by Sophie (@the.infertile.midwife)
I assumed motherhood would come easily to me. I was young – twenty seven – I was happily married, and very ready to become a mother. Surely that was all that was needed? Oh and I’m a midwife, so I was certain that would give me a fast pass to the front of the pregnancy queue. I lived and breathed pregnancy, so surely I would fall pregnant straight away.
When we first started trying for a baby, I was working on the low risk birthing centre. Although intense, I absolutely loved being able to help women birth their babies. I would come home, high from the adrenaline that came from witnessing a birth, and roll into bed from a night shift, imagining what my own birth would be like.
I found, and still do, pregnancy to be truly mind blowing. I’m in total awe of all the body does to make an entire other human being. I couldn’t wait to see it all happening in my body. I had rose tinted expectations that I would glow throughout pregnancy, and have a straightforward, uncomplicated birth.
Little did I know it would be four years, seven rounds of IVF and lots of heartache before I would bring a baby home.
Work became all the more challenging the longer our infertility struggles went on. I wanted so desperately to be a mother that my heart felt heavy with the burden and ached with longing. And yet, I wanted to be seen as a capable and kind midwife, so I became very good at plastering on a big welcoming smile.
Even before the whole infertility/baby loss saga, I always felt embarrassed if patients would ask if I had my own baby. It often felt implied that you couldn’t be a good midwife unless you had experienced it first hand yourself. I strongly believe this not to be true, as you wouldn’t expect your oncologist to have lived through cancer to be a good Doctor. There are many absolutely fantastic midwives out there who haven’t had their own baby.
I had days where I considered leaving the profession. I wasn’t sure I would be able to continue being a midwife if I was never able to bring my own child home. I resented that infertility was making me so miserable. I quickly became an expert at switching off my emotions. I adored my job, and felt like infertility had already stolen enough of my life without taking away this too.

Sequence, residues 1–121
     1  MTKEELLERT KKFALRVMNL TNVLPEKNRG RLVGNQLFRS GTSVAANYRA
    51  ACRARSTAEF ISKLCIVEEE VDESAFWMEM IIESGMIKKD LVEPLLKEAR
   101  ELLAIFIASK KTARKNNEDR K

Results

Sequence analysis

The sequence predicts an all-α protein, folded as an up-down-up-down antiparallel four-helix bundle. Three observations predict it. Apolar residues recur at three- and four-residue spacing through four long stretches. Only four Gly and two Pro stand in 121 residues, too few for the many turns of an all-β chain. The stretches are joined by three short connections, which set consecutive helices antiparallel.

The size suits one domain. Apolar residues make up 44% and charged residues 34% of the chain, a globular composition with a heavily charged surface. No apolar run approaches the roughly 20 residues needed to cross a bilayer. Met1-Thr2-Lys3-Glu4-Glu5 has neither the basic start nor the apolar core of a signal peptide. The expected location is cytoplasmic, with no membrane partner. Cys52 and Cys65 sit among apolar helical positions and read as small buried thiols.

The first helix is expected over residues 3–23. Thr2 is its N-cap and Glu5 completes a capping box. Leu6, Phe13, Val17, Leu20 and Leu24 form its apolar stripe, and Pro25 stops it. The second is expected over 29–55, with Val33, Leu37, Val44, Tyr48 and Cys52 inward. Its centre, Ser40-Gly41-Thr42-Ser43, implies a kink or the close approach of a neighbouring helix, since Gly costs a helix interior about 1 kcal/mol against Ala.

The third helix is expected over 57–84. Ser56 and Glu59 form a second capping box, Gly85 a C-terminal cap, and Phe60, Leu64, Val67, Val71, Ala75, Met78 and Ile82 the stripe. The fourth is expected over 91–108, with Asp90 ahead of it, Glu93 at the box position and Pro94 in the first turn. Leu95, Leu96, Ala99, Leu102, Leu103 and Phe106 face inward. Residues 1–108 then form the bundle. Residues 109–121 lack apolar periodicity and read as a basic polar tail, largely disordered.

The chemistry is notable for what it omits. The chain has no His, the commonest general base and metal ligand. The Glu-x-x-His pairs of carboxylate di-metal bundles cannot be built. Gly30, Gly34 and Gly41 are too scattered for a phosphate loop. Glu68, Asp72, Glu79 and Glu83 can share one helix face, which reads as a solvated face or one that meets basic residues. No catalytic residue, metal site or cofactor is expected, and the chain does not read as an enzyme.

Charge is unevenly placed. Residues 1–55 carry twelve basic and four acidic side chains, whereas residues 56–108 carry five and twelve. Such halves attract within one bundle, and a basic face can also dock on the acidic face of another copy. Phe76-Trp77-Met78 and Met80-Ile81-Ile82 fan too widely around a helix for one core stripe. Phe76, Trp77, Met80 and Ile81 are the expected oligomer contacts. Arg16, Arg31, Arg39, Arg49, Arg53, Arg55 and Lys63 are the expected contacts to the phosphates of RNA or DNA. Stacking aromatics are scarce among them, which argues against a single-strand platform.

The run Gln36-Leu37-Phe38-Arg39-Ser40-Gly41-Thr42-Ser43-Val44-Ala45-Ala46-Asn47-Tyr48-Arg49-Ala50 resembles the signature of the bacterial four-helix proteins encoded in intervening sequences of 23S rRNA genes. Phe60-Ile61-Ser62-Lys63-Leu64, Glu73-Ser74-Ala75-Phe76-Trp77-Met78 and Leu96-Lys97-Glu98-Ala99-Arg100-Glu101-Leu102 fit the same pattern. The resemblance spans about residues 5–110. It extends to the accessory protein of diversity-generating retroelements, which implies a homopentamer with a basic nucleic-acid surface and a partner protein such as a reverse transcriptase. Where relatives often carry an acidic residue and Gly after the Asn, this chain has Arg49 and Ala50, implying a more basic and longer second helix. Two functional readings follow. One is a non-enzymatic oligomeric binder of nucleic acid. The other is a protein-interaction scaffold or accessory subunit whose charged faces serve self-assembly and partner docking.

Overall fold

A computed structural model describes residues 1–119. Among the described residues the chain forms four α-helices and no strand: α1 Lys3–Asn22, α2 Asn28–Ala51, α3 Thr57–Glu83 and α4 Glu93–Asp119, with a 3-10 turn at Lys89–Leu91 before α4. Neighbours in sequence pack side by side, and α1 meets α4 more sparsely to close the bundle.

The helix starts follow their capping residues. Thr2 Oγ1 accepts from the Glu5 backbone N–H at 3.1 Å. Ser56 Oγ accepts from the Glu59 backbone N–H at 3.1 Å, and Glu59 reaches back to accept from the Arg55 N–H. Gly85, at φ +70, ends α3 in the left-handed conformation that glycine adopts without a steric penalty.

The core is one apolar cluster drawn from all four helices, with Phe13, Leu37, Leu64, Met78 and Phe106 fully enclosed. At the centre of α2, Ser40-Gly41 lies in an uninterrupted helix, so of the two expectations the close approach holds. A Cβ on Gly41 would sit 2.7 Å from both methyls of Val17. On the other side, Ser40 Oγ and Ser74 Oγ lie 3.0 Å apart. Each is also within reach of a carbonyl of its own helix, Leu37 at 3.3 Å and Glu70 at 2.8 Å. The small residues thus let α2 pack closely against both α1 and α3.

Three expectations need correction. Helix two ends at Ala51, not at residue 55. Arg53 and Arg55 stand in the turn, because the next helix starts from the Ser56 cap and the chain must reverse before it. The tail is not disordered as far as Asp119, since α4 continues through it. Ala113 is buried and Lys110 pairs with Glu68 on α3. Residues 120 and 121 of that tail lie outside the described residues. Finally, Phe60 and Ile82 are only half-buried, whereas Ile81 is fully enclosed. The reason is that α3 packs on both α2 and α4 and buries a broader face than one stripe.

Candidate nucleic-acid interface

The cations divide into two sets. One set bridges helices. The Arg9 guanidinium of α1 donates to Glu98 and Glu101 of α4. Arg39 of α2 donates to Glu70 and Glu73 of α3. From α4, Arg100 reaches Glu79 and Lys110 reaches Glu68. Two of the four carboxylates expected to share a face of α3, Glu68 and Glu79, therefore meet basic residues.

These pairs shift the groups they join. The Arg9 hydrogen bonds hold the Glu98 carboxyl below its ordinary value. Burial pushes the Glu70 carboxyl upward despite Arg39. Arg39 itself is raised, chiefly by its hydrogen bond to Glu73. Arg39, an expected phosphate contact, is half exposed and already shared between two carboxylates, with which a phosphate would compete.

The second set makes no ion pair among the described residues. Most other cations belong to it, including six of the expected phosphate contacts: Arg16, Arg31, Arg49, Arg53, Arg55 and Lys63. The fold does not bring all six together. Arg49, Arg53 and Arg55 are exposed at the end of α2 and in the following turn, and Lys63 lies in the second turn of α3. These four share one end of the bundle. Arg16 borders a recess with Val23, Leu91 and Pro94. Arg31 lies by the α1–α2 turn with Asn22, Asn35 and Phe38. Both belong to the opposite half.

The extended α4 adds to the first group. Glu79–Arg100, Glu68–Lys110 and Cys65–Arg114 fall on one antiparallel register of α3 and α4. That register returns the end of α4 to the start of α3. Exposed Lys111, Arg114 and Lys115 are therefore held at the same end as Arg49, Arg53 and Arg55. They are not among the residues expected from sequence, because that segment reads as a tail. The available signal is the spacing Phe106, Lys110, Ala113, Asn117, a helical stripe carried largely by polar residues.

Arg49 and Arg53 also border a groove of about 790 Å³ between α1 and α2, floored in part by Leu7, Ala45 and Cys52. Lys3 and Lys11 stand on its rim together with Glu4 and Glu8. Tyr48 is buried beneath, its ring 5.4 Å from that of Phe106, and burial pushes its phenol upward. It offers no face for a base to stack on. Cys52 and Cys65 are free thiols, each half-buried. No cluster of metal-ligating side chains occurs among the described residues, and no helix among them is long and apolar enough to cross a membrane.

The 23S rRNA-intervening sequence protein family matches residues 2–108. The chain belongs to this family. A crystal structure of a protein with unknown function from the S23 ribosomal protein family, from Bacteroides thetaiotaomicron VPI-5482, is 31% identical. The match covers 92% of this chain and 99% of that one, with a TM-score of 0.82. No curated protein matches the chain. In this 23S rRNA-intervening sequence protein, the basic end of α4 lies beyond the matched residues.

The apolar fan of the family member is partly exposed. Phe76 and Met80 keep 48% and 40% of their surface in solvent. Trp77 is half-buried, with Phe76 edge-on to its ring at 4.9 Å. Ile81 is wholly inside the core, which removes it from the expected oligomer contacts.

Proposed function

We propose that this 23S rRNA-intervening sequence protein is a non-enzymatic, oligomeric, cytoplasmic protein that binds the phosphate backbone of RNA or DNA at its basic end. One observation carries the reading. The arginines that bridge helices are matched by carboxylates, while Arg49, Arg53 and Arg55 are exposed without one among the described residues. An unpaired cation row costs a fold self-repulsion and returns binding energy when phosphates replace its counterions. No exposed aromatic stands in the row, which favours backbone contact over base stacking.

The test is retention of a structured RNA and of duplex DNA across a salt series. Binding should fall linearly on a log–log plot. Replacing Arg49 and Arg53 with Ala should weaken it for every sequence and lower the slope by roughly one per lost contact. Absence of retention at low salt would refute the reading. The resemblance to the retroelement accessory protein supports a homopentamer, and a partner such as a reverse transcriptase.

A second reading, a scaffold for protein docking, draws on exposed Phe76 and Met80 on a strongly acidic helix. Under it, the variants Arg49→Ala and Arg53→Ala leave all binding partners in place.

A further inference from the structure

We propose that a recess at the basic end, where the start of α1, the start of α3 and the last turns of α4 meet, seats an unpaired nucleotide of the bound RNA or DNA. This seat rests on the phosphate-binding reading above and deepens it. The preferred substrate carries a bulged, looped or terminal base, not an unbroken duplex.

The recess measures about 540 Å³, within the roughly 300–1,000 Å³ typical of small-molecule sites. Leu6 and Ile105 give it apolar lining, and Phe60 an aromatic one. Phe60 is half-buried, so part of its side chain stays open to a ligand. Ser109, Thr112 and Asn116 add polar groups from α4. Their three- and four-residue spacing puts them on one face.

When we eventually started our first round of IVF I had just started work as a community midwife. Fortunately my clinic was local, so I would pop in for a quick scan before work, then hurry along to start my visits. I’d been so low for nearly two years, and finally I felt a flicker of hope. I’d visit all these fresh babies and was intoxicated by that newborn smell. I wanted nothing more than to feel the weight of a newborn in my own arms. At the end of the day, I would come home and cook dinner before injecting myself at bedtime, completely exhausted from not only the drugs, but the emotional rollercoaster we were on.
Midwives are taught very little about IVF, so the whole thing was a huge learning curve for me. I realised that I had probably said the wrong thing over and over again to patients of mine who had gone through infertility. I knew that infertility would change me forever, hopefully for the better.
By some miracle I fell pregnant on our very first round of IVF and even more surprising was the discovery that it was identical twins. It seems cliche, but things like that really didn’t happen to people like me. Seeing two little babies squirming around the screen and knowing how very special they were made me overwhelmed with emotions.
I was very anxious during my pregnancy – constantly worrying that something would go wrong, and my identical twin babies would be taken away from me. I struggled through debilitating morning sickness, reflux, pelvic pain and by twenty weeks was trying to tell myself that it would all be worth it the minute I held my babies in my arms.
At our anatomy scan it was discovered one of our babies had talipes (a club foot). I was floored. Despite being identical, I was worried that this would mean one twin could potentially be bullied for their difference.
In hindsight, this was wasted energy, as devastatingly a week later I went into very premature labour, and gave birth to two beautiful boys who we named Cecil and Wilfred.
After saying goodbye to my baby boys, the ‘Have you got children?’ question hurt even more. Yes, I did understand the hip pain, the morning sickness, the reflux. Yes, I had gone through labour, twice. But no one wants to hear about it if the outcome isn’t a healthy, happy ever after story. I tried to use my experiences to my advantage at work. I developed a new level of empathy that I hadn’t been able to access before. I suddenly understood just how anxiety-inducing pregnancy can be. That you all of a sudden don’t understand what is going on inside your body, and that you feel solely responsible for keeping a tiny baby alive.
Six further rounds of IVF, several operations, thirty seven tense weeks, and one rather dramatic birth later we brought home our baby boy, Percy.
Bringing home our smiling baby boy has been the most wonderful experience, but after four years of heartache, it is difficult to forget everything that went before. Surprisingly, Percy has made me miss Cecil and Wilfred even more, as it has become clear exactly what we have missed out on. Cecil and Wilfred have taught me to savour every moment with Percy, and I’ll spend a lifetime loving all three of my boys.